Double-check the employment period and clarify your job title and the company’s name. Concentrate on your key responsibilities and accomplishments. Be as objective as possible. You should avoid flattering yourself or concentrating on irrelevant details. 

The education part of your resume is what makes it unique. It doesn’t mean that, in other cases, your degree has no value. Yet, your academic experience is the major focus of this resume. List all your academic achievements. Note your majors, minors, and your coursework topic, if it is relevant to your position. 

Moreover, don’t shy away from highlighting grants or scholarships you won. You can include participation in exchange programs in both sections of work experience and education.

Indicating Key Skills

You have to spend some time and create some drafts before filling this section. People always struggle to tell right away what their major skills are. It’s especially difficult when they need to distinguish between hard and soft skills. 

Hard skills are the ones that are related to the job you apply for, while soft skills are your personal qualities. You may also find a definition that hard skills are the ones that can be taught and measured. Writing and computer proficiency are going under this category. Still, soft skills are always associated with your human qualities. Your skill of listening and communicating is as desirable as your job-related knowledge.

Be as precise as possible and explain your skills. Don’t just say that you know a foreign language but clarify the level of proficiency and what you can do. 

Adding Activities, Hobbies, and Interests

This section is usually optional. It allows the employer to learn more about you as a person. Without a doubt, it is hard to demonstrate everything you want in one document. If your hobbies are related to your position, you can surely mention them.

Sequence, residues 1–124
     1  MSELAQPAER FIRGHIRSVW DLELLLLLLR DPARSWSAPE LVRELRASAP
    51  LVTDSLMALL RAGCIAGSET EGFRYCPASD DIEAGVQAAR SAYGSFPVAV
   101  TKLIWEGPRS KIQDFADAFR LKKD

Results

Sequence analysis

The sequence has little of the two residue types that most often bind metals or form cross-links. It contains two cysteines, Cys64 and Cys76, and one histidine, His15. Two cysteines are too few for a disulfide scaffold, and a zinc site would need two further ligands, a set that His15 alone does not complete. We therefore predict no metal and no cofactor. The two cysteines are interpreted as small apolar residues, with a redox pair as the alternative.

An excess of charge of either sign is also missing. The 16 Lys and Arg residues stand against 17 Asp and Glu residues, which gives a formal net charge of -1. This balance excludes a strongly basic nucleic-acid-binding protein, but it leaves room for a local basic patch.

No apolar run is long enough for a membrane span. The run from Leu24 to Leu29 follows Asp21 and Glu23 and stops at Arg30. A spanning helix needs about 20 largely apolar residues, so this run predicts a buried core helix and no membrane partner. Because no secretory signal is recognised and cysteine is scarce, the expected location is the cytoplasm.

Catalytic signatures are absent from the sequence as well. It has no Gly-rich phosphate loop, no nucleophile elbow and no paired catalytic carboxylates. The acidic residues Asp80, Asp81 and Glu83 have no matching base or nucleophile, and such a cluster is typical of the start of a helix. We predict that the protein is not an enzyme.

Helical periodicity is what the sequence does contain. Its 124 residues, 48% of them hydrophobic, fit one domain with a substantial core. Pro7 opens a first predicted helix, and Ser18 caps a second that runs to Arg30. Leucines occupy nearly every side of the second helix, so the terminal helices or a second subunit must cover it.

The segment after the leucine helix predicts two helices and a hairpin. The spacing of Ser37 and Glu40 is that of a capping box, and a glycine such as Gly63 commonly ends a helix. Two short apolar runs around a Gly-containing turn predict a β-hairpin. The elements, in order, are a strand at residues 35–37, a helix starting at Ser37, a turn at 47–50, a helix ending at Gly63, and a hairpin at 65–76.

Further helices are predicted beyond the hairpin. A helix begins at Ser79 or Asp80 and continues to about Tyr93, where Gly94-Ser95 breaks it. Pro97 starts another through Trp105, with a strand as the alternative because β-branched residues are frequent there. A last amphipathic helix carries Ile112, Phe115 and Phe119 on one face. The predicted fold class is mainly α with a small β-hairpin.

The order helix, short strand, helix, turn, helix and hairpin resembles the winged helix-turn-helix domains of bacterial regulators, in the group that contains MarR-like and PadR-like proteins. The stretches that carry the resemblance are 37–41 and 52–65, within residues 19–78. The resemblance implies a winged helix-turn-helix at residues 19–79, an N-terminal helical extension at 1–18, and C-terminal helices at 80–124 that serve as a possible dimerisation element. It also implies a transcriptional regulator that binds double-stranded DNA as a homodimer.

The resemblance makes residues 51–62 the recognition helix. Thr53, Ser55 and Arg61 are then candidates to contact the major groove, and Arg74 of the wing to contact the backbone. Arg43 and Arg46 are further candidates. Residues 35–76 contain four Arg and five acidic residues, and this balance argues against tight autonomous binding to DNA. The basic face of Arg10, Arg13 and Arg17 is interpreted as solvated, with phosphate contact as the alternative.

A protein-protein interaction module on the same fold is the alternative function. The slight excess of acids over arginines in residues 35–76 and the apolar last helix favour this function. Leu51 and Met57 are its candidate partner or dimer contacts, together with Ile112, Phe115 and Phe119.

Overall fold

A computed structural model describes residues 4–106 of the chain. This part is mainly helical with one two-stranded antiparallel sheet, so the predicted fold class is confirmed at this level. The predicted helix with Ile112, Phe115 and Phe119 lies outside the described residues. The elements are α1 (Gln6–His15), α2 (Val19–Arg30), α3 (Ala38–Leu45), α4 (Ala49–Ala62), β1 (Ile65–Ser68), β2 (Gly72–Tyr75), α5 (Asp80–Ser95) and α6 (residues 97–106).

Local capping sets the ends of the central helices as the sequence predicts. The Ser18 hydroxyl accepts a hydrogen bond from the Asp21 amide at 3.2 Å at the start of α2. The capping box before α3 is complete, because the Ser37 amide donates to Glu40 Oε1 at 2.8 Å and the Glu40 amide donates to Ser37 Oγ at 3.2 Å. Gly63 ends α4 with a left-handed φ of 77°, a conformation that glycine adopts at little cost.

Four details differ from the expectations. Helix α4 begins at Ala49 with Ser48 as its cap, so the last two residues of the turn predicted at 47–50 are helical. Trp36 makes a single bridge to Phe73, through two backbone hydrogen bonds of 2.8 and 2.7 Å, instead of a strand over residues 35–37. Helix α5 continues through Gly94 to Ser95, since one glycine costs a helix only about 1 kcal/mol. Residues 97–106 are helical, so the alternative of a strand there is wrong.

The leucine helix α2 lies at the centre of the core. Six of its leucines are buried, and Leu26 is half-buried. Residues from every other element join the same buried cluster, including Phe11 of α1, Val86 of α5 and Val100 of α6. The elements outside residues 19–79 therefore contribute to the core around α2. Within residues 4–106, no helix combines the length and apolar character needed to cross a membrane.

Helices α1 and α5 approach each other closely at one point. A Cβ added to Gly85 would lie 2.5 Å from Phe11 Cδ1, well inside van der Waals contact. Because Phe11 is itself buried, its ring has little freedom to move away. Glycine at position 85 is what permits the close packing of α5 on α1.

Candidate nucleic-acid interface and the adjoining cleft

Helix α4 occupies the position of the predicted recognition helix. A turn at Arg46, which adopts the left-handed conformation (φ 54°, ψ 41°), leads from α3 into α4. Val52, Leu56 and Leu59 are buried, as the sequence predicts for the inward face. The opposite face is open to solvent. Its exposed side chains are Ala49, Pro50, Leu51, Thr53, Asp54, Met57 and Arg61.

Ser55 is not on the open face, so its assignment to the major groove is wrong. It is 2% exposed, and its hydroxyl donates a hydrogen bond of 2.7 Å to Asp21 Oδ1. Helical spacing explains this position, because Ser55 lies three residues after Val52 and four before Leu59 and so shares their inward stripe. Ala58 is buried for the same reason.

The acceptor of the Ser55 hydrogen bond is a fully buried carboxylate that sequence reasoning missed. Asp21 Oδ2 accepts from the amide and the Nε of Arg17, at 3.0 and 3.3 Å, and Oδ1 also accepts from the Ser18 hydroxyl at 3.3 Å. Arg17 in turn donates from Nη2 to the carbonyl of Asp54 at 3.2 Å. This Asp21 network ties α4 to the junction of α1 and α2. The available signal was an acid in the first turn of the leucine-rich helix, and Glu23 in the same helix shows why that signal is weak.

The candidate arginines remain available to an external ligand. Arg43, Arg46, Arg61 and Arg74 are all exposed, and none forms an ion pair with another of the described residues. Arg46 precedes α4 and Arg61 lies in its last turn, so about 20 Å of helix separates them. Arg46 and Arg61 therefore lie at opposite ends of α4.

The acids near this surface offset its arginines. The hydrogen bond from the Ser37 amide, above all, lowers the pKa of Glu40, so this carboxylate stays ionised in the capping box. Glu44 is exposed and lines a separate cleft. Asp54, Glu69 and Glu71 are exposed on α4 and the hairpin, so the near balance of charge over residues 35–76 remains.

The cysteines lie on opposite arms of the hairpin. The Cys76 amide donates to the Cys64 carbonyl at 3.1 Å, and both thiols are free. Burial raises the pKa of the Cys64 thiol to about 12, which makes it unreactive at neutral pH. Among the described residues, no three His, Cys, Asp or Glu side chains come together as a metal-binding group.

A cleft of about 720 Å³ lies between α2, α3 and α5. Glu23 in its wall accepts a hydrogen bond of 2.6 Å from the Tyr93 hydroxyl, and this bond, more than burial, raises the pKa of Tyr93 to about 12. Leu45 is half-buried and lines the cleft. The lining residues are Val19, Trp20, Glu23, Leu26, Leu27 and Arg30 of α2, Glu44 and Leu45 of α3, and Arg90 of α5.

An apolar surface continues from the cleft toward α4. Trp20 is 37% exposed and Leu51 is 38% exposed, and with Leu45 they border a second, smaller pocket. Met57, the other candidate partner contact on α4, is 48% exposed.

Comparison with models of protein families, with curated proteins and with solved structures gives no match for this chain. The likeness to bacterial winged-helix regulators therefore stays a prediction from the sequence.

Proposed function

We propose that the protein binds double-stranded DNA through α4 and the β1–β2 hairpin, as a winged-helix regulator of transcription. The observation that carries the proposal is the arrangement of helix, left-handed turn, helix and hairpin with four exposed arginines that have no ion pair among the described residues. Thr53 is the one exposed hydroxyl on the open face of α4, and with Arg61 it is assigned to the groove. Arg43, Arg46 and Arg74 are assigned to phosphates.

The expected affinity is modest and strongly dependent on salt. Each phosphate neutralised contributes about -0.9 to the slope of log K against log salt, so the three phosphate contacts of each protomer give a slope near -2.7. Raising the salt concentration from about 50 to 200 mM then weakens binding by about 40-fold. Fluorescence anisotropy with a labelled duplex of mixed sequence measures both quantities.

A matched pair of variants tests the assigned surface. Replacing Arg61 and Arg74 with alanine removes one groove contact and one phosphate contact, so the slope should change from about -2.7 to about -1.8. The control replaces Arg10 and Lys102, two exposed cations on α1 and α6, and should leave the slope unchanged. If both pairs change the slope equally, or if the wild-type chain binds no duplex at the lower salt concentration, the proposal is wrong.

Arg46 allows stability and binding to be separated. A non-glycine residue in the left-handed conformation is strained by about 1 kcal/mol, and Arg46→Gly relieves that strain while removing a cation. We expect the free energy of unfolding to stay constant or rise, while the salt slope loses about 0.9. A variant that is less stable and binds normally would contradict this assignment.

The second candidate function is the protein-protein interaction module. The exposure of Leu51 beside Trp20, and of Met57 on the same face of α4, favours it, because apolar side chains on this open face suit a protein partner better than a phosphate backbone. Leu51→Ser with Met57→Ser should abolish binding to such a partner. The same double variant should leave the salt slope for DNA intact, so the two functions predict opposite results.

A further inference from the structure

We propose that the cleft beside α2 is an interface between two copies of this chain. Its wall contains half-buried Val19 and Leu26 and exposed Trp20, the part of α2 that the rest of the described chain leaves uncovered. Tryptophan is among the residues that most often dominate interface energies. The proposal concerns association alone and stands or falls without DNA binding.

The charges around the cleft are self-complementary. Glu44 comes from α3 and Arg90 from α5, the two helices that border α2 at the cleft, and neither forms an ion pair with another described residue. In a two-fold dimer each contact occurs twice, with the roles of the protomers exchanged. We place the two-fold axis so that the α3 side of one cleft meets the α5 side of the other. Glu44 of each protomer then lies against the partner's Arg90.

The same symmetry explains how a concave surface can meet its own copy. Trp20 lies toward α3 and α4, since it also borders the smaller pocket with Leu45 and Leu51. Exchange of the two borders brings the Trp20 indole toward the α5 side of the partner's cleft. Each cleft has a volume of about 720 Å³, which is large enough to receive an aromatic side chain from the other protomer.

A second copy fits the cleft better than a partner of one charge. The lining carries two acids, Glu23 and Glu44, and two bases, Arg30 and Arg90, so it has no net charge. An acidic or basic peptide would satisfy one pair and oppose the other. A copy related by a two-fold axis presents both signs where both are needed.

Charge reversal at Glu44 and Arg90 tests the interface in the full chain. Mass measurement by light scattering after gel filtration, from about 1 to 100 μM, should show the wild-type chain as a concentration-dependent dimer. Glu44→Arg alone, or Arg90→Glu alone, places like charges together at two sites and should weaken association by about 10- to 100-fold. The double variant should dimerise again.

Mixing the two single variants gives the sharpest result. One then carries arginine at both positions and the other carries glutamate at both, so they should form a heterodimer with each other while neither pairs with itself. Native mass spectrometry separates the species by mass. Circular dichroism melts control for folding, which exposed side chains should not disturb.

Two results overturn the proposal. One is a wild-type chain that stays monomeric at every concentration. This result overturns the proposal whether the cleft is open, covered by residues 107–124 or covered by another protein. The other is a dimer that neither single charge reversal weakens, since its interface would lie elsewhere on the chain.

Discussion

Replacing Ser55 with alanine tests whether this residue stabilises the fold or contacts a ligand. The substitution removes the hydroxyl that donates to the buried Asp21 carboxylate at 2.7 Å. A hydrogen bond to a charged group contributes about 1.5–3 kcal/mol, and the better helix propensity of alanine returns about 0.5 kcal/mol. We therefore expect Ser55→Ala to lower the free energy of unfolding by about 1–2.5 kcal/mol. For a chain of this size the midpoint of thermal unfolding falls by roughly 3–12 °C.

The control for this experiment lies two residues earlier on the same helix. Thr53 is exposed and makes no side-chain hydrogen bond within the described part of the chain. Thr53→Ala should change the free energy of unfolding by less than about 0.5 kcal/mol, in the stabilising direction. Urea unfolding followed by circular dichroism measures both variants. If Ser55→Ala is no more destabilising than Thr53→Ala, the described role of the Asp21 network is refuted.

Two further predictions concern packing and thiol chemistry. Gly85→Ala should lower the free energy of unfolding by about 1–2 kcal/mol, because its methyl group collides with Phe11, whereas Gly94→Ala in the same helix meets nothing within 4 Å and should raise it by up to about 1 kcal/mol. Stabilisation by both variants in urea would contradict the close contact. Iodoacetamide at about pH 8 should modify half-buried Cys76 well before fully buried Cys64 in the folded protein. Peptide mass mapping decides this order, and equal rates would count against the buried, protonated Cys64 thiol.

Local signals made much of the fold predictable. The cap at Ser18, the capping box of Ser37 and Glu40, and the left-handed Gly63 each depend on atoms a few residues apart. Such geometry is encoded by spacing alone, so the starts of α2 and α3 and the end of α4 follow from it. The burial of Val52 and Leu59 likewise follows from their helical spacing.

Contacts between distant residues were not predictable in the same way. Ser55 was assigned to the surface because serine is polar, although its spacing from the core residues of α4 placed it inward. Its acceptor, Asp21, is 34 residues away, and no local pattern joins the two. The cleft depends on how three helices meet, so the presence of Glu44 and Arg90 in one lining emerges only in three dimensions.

You don’t have to be overactive and have numerous interests. If the HR manager wants to know more about your extracurricular activities, they will schedule an interview and ask corresponding questions during the conversation.

Whatever you do, whether it is staying active with sports or volunteering, it is good not only for your well-being but the image as well.

Polishing Your College Resume

It is normal to experience writer’s block when working on any paper and especially a resume. You can always use standard writing hacks and guides found online to make your resume as polished as it can be. Just because it is a formal piece of paper, it doesn’t mean it should look boring. 

You may not have all the tools to shine with your creative talents, but you need to maintain the relevant tone, avoid passive voice, and use action verbs. Keep it clean and always proofread!

What’s Next?

As you have edited and proofread your resume, start thinking about the next steps. Staying motivated and optimistic about your chances to get a dream job is crucial as you are waiting for a response. You can think about questions you would like to ask an HR manager or dedicate extra time to search for more information about the company of your interest. 

Don’t let your anxious thoughts ruin this moment for you. Take care of your mental and physical health and don’t forget to keep up with your academic progress. Good luck with your first interview!